Young Goodman Brown – Nathaniel Hawthorne
Young Goodman Brown
Nathaniel Hawthorne, the author of the short story, Young Goodman Brown, was born in 1804 and raised in Massachusetts by his mother following his father’s death. His great grandfather was a judge in the 1692 trial of Salem witches who sentenced twenty-five witches to death. He felt ashamed that his family had been involved in the trials and expressed his feelings in writing. The majority of his stories examine the social history of the Puritans and New England. Hawthorne interacted with some famous people both in and after college. He attended Bowdoin College with Franklin Pierce (14th President of the U.S.) and Wadsworth Longfellow (poet). Out of college, he met New England authors such as David Thoreau and Ralph Emerson who were both transcendentalists; a feature Hawthorne brought out in his writing. In Young Goodman Brown, he appraises themes such as temptations, erosion of religious faith and Puritans social ills. This is a story about good and evil, and how they are perceived in society.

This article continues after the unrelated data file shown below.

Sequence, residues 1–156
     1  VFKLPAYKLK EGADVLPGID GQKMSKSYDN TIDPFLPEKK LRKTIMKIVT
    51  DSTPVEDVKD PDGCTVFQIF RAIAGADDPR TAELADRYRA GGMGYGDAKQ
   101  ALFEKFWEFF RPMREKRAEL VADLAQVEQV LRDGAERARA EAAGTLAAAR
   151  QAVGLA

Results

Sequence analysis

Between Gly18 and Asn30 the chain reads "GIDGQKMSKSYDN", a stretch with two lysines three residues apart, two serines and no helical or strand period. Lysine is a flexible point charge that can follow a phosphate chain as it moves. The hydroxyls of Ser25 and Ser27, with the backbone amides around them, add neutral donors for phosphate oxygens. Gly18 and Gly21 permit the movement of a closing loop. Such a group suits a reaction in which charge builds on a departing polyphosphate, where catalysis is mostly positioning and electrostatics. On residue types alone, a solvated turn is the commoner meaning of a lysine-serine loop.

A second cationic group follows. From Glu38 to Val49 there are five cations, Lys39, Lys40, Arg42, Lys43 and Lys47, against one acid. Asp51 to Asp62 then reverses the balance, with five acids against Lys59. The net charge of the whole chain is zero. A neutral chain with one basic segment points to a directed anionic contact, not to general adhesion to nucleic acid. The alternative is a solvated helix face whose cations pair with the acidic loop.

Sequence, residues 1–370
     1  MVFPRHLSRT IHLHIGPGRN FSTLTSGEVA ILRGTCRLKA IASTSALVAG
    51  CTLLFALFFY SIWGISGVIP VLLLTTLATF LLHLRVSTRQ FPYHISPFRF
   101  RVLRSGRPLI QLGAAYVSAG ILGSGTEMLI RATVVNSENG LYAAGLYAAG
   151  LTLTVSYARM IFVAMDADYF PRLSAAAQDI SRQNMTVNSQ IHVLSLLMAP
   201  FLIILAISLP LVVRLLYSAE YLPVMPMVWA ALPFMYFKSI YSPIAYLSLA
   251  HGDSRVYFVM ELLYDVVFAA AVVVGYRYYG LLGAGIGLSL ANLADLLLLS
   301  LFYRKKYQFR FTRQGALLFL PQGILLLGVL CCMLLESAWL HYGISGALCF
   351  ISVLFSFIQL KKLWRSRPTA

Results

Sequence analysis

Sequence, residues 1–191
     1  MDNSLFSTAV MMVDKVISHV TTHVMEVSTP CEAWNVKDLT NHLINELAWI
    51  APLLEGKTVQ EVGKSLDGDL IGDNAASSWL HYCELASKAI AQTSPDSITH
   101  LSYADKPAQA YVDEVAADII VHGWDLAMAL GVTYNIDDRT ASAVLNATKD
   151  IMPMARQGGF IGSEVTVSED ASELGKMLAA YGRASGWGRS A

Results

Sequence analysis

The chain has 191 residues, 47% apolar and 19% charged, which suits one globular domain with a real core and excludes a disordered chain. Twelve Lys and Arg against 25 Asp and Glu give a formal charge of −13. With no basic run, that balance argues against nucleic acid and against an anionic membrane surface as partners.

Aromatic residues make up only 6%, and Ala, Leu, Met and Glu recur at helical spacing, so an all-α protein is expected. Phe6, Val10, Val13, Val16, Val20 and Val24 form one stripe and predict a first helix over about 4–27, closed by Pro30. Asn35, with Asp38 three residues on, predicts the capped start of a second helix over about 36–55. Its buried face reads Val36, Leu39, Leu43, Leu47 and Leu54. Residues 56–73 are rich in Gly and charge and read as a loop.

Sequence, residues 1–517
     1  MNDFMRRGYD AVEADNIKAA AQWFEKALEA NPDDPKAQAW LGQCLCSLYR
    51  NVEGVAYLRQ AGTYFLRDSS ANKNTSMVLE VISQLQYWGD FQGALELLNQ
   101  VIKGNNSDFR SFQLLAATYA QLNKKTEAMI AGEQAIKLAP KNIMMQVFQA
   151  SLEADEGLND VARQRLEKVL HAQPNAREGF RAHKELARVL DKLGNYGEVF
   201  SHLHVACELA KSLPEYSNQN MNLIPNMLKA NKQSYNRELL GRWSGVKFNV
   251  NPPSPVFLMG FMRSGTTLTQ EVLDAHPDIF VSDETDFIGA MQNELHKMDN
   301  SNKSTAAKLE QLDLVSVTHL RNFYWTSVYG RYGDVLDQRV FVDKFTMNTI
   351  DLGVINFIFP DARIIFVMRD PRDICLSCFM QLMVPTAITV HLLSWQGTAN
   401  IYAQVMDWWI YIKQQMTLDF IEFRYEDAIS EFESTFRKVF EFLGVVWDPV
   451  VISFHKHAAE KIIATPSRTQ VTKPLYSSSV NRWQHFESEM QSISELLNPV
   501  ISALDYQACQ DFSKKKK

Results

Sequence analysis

In the story, Goodman Brown suddenly loses his innocence during an excursion to the woods with a fellow traveller. Goodman grew up in a small village, and he thought that he knew everybody and everything happening around him. His big surprise came when he learnt that the world was not as simple as he thought. Young Goodman Brown discovered more about himself in one night than in his entire life.
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